Raspberry Pi Pico vs. Arduino: How to Choose the Right Microcontrollers

Published:May 28, 2024

Prof. David Reynolds stands as a luminary in the field of electrical engineering, renowned for his expertise in integrated circuits. Holding a distinguished position as a Professor of Electrical Engineering, Prof. Reynolds earned his acclaim through decades of research, teaching, and industry collaboration.

The world of microcontrollers has expanded significantly, offering enthusiasts, educators, and professionals a plethora of choices to bring their projects to life. Among the most popular options are the Raspberry Pi Pico and Arduino. Both platforms have garnered a substantial following due to their versatility, ease of use, and robust community support. The Raspberry Pi Pico, introduced by the Raspberry Pi Foundation, is known for its powerful RP2040 microcontroller, dual ARM Cortex-M0+ processors, and versatile I/O options. On the other hand, Arduino, a staple in the microcontroller world, offers a range of boards like the Arduino Uno, Mega, and Nano, each with unique features tailored to different project needs. 

 

 

This article provides a comprehensive comparison between the Raspberry Pi Pico and Arduino. The purpose of this article is to help readers make an informed decision on which microcontroller is best suited for their specific projects.

 

Overview of Raspberry Pi Pico

The Raspberry Pi Pico series comprises compact, fast, and versatile boards built around the RP2040, a flagship microcontroller chip designed by Raspberry Pi in the UK.

The Raspberry Pi Pico is the foundation's first microcontroller board, offering a low-cost, high-performance solution with flexible digital interfaces.

The Pico is based on the powerful RP2040 microcontroller chip, featuring a dual-core ARM Cortex M0+ processor with a flexible clock running up to 133 MHz.

Its simple design enables easy understanding of both hardware and software, facilitating the creation of gadgets and products. The Pico board features a multi-purpose castled hole/pad design, allowing headers to be soldered onto the pads or treating the entire board as a surface-mountable module.

With its power and flexibility, the Pico is suitable for professional applications, including machine learning, smart homes, wearables, and robotics.

 

 

Overview of Arduino

Arduino stands as an open-source electronics platform renowned for its user-friendly hardware and software components.

Throughout its evolution, Arduino has powered myriad projects, spanning from mundane household items to intricate scientific apparatus.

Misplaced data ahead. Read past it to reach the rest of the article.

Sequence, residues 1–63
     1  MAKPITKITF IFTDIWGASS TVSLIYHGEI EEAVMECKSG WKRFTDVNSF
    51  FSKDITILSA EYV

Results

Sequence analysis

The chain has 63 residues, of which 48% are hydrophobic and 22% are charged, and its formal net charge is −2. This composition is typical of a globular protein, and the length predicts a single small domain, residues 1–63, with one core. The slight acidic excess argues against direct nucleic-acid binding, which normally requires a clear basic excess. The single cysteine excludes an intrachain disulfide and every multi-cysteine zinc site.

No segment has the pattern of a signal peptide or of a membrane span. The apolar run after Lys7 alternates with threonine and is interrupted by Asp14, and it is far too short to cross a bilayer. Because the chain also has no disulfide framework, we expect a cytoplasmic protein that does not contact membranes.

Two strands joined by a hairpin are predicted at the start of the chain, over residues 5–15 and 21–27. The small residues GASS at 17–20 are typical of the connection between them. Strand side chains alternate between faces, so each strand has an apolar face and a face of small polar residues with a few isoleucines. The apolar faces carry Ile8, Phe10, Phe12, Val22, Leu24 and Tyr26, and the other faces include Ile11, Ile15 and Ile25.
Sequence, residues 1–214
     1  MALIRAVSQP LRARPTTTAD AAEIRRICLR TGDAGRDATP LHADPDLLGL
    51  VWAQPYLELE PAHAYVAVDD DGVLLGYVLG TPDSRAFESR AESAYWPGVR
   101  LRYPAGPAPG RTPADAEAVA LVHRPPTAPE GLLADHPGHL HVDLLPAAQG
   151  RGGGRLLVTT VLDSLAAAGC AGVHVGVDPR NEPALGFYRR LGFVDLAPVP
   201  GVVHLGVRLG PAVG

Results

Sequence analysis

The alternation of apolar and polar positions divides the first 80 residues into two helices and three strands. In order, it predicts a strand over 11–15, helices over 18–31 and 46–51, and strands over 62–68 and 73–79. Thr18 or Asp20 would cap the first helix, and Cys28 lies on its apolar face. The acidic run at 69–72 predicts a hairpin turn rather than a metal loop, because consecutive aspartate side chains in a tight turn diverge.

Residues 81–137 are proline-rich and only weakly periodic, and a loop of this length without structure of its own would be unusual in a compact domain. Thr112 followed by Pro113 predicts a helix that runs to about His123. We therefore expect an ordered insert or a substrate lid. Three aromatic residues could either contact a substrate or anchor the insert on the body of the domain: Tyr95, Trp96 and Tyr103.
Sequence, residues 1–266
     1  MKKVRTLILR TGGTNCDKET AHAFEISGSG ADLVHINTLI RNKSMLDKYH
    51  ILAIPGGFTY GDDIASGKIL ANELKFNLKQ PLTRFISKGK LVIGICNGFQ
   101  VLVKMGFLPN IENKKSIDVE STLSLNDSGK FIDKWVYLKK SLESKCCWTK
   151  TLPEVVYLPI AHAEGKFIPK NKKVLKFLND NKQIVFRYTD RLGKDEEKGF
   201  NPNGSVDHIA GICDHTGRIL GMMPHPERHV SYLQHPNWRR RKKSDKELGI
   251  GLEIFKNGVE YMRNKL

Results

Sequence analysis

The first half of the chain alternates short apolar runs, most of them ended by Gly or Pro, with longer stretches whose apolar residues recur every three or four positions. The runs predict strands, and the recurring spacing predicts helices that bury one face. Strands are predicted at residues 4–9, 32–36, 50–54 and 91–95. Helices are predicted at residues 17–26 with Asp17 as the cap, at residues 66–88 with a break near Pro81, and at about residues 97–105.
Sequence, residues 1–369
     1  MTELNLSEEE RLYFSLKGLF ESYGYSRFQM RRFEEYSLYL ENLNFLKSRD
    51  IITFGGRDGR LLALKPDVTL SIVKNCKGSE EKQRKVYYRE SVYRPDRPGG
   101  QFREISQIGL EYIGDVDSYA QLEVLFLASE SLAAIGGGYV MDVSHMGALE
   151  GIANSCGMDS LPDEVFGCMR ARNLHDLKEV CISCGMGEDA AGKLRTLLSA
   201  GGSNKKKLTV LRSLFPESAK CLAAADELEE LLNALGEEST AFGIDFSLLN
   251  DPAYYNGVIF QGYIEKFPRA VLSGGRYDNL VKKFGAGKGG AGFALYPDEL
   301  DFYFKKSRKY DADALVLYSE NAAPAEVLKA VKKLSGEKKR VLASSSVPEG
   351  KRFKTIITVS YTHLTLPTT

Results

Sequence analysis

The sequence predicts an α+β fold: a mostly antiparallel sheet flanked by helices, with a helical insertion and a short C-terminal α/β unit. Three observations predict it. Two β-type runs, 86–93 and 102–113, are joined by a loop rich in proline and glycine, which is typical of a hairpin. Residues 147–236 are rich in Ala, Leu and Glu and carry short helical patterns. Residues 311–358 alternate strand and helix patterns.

Diverse options of Arduino microcontroller boards are available, with most employing ATmega microcontrollers as their core.

Facilitating a smooth learning curve for novices, Arduino offers intuitive IDE software. It simplifies programming by utilizing a streamlined version of C++, contrasting with more complex programming environments. Moreover, Arduino software is compatible across various platforms, including Linux, Windows, macOS, and others.

 

 

Raspberry Pi Pico vs. Arduino: Functionality and GPIO

The Raspberry Pi Pico introduces a novel form factor within the Raspberry Pi realm—a 40-pin 'DIP' style PCB. All 40 pins are neatly arranged onto standard pads, with castellations encircling the perimeter, facilitating soldering the Pico onto a carrier board akin to surface mount electronics.

While the DIP package isn't groundbreaking, Arduino boards like the Micro have long employed it. This package allows for soldering onto a carrier board, placement into a breadboard, or stacking atop compatible add-ons, offering greater convenience compared to the larger layouts of Raspberry Pi and Arduino Uno styles. Embracing the DIP design, the Raspberry Pi Pico presents a user-friendly form factor that is easily integrated into projects.

The GPIO capabilities of the Raspberry Pi Pico are extensive, featuring ample digital IO, three analog inputs, and multiple connections for I2C, SPI, and UART. Yet, what sets the Pico apart is its programmable IO (PIO) pins. These pins can be configured to emulate various interfaces/protocols, such as WS2812 "NeoPixels," and can handle complex tasks in the background. All these functionalities packed into a $4 board make the Raspberry Pi Pico a budget-friendly "Swiss Army knife" of GPIO pins.

 

Raspberry Pi Pico GPIO pins

The Raspberry Pi Pico retains the 40-pin configuration of its predecessors but with notable enhancements. Among these pins, 26 serve as versatile GPIO pins, operating at 3.3V, while the remaining pins are allocated for Ground and Power functions.

 

These GPIO pins boast compatibility with specialized communication protocols, including I2C, SPI, and UART serial ports, along with offering 12-bit ADC and controllable PWM channels.

 

Key features include:

  • 26 multi-function 3.3V GPIO pins
  • 2 SPI, 2 I2C, 2 UART ports
  • 12-bit ADC channels
  • 16 controllable PWM channels

 

8 Programmable I/O (PIO) state machines for tailored peripheral support.